To further ensure data protection, users can then snapshot and backup their volumes, allowing for recovery in case of a data loss.

Block storage is managed by the OpenStack Cinder service

File storage

In some use cases, the data cannot be just made available to a single instance. It must be shared across various instances instead, similar to network file system (NFS) concepts. In such cases, file storage is the recommended solution.

OpenStack’s file storage enables the creation of persistent file shares. Users can further mount them under their instances and access them as a remote file system. As with block storage volumes, file shares are created independently of instances and are not deleted by default when terminating them.

File storage is managed by the OpenStack Manila service.

Object storage

The last storage option available to OpenStack users — object storage — is totally different from any other option. Object storage is persistent cloud-native storage that provides built-in replication mechanisms for data durability and geo-redundancy.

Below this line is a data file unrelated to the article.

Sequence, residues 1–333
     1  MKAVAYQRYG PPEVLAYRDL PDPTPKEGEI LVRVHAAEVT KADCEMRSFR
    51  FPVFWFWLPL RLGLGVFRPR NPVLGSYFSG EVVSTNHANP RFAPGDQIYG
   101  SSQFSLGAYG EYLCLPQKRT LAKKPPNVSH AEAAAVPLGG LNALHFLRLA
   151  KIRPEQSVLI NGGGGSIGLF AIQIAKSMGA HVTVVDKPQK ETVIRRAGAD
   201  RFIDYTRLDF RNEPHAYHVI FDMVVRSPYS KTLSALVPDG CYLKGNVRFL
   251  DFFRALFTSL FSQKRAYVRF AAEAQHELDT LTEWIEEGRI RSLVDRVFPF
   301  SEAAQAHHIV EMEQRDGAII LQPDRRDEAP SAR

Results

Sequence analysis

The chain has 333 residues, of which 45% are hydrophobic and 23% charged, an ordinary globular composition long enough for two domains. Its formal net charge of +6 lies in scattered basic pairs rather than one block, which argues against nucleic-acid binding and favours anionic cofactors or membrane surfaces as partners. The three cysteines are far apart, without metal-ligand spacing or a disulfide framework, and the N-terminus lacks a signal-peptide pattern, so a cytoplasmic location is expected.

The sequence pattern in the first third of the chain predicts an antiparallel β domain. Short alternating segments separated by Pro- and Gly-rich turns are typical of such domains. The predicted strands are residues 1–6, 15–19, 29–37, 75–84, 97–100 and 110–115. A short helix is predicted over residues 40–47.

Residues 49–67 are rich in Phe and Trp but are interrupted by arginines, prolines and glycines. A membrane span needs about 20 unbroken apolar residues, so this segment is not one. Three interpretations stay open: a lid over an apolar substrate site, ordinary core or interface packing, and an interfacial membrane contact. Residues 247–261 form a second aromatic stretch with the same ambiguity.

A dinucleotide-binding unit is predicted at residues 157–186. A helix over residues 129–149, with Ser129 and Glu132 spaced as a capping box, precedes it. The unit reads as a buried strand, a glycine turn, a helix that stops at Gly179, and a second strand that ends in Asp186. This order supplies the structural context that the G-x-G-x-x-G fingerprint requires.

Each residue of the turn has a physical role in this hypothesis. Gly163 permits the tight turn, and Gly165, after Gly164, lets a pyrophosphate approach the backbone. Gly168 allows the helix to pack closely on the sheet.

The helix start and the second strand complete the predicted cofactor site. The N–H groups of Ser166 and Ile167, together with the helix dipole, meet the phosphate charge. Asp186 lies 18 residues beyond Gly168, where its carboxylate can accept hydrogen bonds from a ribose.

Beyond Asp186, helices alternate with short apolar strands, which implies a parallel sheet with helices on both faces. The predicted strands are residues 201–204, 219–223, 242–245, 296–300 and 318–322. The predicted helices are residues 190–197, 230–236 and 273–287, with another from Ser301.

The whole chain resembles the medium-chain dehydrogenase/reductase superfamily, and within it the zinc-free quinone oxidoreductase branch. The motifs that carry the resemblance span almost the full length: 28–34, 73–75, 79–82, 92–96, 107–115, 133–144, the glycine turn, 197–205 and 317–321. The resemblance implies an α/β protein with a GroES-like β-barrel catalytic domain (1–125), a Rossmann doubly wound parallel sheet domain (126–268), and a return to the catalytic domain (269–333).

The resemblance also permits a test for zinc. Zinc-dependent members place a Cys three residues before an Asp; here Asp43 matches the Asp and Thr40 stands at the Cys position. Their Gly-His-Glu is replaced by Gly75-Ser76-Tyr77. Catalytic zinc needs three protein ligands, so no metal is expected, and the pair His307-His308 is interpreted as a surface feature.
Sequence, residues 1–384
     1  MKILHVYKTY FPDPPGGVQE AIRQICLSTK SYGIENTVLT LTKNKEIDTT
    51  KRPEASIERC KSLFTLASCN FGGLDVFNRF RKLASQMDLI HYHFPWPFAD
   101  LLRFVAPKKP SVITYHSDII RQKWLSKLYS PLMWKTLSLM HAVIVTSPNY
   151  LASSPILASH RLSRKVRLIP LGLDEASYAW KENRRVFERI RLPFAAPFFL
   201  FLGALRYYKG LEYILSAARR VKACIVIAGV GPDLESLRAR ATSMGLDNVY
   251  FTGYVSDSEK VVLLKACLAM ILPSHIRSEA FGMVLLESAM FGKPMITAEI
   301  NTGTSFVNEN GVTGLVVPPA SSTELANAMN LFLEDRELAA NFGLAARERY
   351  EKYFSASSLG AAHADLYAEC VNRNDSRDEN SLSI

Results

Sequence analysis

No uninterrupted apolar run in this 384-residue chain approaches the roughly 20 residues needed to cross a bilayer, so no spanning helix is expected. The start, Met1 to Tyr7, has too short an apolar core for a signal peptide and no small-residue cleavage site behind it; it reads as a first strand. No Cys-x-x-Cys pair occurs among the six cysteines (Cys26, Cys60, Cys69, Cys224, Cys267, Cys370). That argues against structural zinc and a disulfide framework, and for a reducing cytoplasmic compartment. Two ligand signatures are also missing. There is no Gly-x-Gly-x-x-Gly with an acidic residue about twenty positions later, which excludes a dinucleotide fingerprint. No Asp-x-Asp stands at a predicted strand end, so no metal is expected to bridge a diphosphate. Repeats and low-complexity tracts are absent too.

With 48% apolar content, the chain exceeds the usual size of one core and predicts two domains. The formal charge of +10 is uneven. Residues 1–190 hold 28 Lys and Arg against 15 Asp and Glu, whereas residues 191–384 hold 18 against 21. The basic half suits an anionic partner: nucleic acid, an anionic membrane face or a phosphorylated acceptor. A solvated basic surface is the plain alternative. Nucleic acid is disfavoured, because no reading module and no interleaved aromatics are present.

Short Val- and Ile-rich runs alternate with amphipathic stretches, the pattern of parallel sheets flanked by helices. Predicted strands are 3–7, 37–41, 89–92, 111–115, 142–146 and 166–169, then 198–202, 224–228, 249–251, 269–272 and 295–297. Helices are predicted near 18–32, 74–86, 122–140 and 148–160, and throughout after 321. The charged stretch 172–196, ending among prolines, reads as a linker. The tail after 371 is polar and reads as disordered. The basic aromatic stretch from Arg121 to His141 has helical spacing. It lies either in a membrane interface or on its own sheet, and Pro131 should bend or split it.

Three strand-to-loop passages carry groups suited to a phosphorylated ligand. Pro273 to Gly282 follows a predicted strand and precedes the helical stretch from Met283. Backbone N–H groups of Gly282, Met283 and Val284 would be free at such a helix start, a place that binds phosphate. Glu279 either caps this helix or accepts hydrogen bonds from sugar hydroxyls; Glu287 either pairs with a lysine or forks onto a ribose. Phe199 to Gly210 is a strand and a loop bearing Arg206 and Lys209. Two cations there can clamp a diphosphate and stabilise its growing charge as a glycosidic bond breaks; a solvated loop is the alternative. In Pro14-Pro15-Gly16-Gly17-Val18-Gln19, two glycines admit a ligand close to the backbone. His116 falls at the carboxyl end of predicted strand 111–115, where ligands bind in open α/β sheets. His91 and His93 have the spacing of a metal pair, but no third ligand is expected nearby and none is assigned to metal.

Contrary to other storage types, object storage is not attached to instances at all. It is accessible through an application programming interface (API) instead. Its structure is flat, with no directory hierarchy, and every data chunk is treated as an individual object.

Object storage is managed by the OpenStack Swift service, however, most production OpenStack environments leverage Ceph Object Gateway implementation instead, because of its stability and better performance.

OpenStack storage backends

All right! So we now know how OpenStack handles different types of storage use cases. But where is the data actually stored? This is where storage backends come in. Each OpenStack service can wrap around various solutions. There are lots of them supported by the upstream community. The following section provides an overview of the most popular.


Ceph is undoubtedly the most popular storage backend for OpenStack. 70% of production OpenStack clouds use Ceph for data storage purposes. Ceph is also the industry’s default software-defined storage (SDS) solution used by other infrastructure components, such as Kubernetes. It provides a built-in replication mechanism, self-healing capabilities, and can be used for block storage, file storage, and object storage.